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Socrates P.: My Father

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My father’s name is Socrates P. He emigrated from India almost 12 years ago and arrived in the United States.. He had his childhood education there, but has also come here and had some education, such as for a drivers’ license or his real estate agent test. Thus, he has had education of some sort from both places. He always talks about his life in India but rarely about his school career, therefore shown below are some of the questions that I asked him and the answers that he gave me.

How much do you value education for yourself and why?
I think education is THE most important thing in my life that helped me to succeed so far and I think it will continue to.

How has education impacted your life?
Without the education probably I would be working in a small store or may be a successful businessman in India but not definitely where I am now.

Did you enjoy going through your childhood education?
Certainly I enjoyed my childhood education as a successful student.

What have you learned, formally or otherwise, after coming to the United States?
I had attended lot of training classes like Project Management and Real Estate sales person licensing.

How have your educational habits changed once you came here?
My change in habits is due to the advancement of technology rather than change in place. I don’t think that

What have you noticed about the change in the instructors’ teaching methods between here and India?
My instructors teaching method is conceptually different. Indian teaching method is theory/book based. Knowledge is based on what is said in the book at least until high school. Here it is based on real life examples and experiences. In India we stopped it at the theory level. Here theory meets the real life inside and outside of the class room from early childhood.

Which teaching method do you prefer and why?
I prefer the method here as it is more realistic and helps to apply the theory in real life and gives a meaning to the education. It stimulates the creativeness and makes the students to think beyond the limits.

What advantages does learning in India have over learning here, or vice versa?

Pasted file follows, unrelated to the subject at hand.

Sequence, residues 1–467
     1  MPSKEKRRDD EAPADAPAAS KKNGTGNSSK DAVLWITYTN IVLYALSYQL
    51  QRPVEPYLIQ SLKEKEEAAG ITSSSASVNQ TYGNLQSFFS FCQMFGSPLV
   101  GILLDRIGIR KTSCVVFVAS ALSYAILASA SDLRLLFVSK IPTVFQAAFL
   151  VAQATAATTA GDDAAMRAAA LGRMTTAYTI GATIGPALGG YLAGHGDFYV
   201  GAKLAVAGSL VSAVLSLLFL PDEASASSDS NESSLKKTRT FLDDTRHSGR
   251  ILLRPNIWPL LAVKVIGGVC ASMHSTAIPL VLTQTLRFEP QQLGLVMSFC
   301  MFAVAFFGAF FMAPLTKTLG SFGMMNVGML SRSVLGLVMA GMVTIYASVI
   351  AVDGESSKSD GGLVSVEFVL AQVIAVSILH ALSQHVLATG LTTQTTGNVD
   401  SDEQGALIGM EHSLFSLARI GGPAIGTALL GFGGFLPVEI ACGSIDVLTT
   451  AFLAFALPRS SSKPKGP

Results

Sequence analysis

The technology in the United States is far easier to use by far and being a computer engineer this has helped me greatly. In India the syllabus for school was hard but I learned a lot so that also helped me.


Hypothetically, how would you improve a certain component of your childhood education?
I think that I would have liked to learn how to use computers during my childhood because that would have made it easier to use computers now.

Do you feel that you have finished your learning?
I would add lots of practical labs in exploring every part of my childhood education for which I never had opportunity. I don’t think I finished learning. It is a never ending process. I achieved probably 30% of what I have studied.

If not, what would you pursue further academically?
I don’t believe that anyone ever stops learning. Given an opportunity, I want to become a research scholar in business administration.

Lastly, do you think that academics has helped you achieve all that you have done, and by how much?
Lot more to be accomplished. I think that I have achieved much of what I did because of how well I studied and I believe that if I keep studying I can achieve even more.

Did you have a plan to achieve what you wanted in life and was it easy to stay with this plan?
My path to success is “Hard work never fails. If I am better at something, why not in others as long as I want to do the “others”? So I don’t give up easily.
My success so far was never an easy thing and never will it be. Ready to face the rough road ahead of me.
What advice would you give for children who want to achieve something in life?
Dream big. Stay focused. Spend every minute to achieve your dream.





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